You can use this fortune teller for all kinds of storytelling or theatermaking—to inspire a new piece of writing, a dance or even a game of charades—all devised from a map of your very own life experiences. In the next activity, we’ll devise a theatrical performance using our fortune tellers, so have yours ready!

Stories to Tell
The performers in Ping Chong and Company’s Generation Rise are all young people speaking their own personal stories. Just like the timeline from the previous activity, the show proceeds through the performers’ lives in chronological order, from birth to now. Here’s a clip featuring Serena, recalling a moment in her life from January 2020.

Using the fortune teller from the previous activity, let’s create a spoken word performance based on one of your memories, with a little help from New 42 College Corps Member (and Generation Rise performer!) Farah Carson.

Materials: Pen or pencil, paper, completed fortune teller

Step One: Use your fortune teller to choose a memory, and reflect on that memory, following the prompts from the previous activity.

Step Two: Using the memory you chose, fill in the blanks in the template below, writing out the full piece on a sheet of paper.

My name is  .
The year of this event is  .
I remember (the title of your memory from the fortune teller).
(the story of the memory in one sentence).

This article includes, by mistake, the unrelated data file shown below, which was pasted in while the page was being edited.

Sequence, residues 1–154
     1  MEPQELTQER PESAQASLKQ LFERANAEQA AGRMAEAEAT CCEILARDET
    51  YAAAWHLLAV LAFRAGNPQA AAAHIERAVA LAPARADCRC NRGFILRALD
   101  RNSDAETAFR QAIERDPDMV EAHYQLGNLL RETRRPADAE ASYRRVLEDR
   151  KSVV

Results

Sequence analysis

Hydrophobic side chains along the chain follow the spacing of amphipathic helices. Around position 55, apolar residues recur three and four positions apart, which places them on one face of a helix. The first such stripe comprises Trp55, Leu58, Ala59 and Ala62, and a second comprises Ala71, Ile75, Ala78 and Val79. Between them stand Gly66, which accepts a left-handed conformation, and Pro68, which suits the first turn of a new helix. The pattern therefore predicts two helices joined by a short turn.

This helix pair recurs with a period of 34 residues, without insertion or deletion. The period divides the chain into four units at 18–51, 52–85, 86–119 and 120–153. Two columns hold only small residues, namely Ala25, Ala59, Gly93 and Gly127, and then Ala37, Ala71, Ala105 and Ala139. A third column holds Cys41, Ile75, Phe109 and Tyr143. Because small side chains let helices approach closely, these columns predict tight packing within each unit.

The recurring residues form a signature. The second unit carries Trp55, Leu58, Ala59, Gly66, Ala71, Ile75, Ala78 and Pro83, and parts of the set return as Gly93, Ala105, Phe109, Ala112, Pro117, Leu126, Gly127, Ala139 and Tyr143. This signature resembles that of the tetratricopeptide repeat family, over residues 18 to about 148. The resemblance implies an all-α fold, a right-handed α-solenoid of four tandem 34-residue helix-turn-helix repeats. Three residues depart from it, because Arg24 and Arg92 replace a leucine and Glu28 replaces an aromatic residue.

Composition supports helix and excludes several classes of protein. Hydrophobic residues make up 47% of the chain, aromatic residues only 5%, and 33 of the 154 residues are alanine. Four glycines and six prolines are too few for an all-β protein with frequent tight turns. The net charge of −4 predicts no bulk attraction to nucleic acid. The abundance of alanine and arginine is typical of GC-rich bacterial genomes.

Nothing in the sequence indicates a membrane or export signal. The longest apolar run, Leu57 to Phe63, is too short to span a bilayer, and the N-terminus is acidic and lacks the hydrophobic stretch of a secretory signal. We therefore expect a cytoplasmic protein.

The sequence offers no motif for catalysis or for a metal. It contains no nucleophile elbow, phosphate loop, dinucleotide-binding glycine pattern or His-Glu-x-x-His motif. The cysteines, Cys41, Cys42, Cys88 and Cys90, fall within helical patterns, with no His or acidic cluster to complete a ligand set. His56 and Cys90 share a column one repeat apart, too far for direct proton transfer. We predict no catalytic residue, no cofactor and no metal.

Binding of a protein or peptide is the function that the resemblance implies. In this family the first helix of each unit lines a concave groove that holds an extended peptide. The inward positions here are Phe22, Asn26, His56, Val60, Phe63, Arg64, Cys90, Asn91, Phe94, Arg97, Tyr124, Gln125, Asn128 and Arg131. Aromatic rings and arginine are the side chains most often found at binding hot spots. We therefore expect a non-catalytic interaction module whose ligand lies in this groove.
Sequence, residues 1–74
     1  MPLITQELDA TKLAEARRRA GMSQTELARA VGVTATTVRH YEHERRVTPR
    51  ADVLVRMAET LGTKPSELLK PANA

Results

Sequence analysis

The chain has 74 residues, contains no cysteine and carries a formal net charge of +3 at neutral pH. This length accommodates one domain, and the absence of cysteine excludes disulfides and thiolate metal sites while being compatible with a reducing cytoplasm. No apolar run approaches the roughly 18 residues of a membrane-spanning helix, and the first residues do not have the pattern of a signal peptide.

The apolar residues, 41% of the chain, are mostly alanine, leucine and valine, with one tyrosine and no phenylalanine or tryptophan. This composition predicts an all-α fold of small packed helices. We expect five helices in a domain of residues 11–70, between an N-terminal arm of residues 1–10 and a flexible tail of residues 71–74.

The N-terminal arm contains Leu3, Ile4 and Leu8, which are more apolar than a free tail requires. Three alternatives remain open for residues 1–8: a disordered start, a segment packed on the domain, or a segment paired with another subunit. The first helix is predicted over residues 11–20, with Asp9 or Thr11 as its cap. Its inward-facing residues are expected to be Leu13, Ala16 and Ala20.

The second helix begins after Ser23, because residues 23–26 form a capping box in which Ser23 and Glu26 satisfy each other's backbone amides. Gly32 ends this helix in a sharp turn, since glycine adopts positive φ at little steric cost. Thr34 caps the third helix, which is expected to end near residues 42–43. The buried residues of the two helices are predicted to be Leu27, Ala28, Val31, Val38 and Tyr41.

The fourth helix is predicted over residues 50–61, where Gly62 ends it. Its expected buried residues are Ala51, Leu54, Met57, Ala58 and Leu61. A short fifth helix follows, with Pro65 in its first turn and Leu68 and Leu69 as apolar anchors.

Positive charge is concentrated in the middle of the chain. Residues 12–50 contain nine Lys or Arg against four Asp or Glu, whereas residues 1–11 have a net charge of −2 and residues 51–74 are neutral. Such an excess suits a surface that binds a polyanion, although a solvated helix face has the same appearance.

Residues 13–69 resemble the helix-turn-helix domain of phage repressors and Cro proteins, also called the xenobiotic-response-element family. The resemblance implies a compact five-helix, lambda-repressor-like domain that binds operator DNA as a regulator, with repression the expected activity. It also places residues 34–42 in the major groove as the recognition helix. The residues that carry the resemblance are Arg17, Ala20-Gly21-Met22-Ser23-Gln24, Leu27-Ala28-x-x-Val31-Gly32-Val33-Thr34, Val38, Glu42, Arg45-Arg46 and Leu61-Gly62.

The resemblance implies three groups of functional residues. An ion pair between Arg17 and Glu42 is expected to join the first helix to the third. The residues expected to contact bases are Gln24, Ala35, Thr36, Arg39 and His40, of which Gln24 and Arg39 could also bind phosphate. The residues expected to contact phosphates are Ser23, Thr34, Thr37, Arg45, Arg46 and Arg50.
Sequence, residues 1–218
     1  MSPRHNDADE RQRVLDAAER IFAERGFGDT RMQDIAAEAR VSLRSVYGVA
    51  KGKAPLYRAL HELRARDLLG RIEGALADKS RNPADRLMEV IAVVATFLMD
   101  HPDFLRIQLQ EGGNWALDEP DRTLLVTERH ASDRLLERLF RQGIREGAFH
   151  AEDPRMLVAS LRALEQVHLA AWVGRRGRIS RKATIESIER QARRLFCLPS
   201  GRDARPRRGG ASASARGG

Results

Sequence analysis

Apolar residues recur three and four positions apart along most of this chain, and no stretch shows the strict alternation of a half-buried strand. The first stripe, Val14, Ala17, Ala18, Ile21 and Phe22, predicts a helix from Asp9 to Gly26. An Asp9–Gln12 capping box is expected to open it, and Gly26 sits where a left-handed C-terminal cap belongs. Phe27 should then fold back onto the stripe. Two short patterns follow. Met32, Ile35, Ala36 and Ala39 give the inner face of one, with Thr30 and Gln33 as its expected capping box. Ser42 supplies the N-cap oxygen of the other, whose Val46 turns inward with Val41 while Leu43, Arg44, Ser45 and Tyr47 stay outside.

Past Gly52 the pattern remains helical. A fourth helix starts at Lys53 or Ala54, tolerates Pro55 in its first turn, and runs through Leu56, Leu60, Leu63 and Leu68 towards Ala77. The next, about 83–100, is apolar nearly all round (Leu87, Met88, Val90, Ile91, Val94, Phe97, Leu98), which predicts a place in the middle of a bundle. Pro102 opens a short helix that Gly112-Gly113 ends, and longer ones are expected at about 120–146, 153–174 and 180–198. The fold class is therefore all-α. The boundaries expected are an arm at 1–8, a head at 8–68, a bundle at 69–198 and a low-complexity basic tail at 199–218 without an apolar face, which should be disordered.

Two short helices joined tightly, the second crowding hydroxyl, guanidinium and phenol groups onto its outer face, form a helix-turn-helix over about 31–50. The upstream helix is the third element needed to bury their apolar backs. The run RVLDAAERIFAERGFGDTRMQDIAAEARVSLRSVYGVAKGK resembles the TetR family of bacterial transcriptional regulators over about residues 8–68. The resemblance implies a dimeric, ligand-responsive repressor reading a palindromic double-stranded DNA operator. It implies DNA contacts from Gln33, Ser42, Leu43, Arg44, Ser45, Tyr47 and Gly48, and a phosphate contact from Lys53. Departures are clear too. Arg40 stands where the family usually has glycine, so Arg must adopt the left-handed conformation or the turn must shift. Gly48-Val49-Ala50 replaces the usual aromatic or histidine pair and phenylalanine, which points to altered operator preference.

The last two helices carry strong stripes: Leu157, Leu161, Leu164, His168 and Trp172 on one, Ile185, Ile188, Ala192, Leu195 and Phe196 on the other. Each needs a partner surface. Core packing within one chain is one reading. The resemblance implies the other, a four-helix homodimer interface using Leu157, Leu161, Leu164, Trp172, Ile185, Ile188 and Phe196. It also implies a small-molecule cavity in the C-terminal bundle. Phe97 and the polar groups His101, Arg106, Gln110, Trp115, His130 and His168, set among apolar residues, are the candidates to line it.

Because of this, I am now  .

Step Three: Now it’s time to get ready to perform! First, prepare your voice with this vocal warmup from the National Theatre in London.

Step Four: Once you’ve practiced out loud a few times, gather an audience and perform your piece of spoken word! You can perform for an audience of one, or for a group of friends and family members. Once you’ve performed, think:

  • How did that feel?
  • If you’d chosen a different memory, would you have performed it differently?
  • What did you notice about your tone and posture when you read this piece out loud?

BONUS: Find places in your spoken word performance to add movement, just like Ugo devised after free-writing.

We hope you’re inspired by all the potential you have to devise compelling performances based on your own life experience. If you fill out the template for every memory in your fortune teller, you could even combine them all into a single performance! Tune in next week, when we’ll dive even deeper into the world of individual performance through monologues.

New Victory Arts Break Supporters

New Victory Arts Break is funded, in part, by Bloomberg Philanthropies, the Laurie M. Tisch Illumination Fund, public funds from the New York City Department of Cultural Affairs in partnership with the City Council,and the New York State Council on the Arts with the support of the Office of the Governor and the New York State Legislature.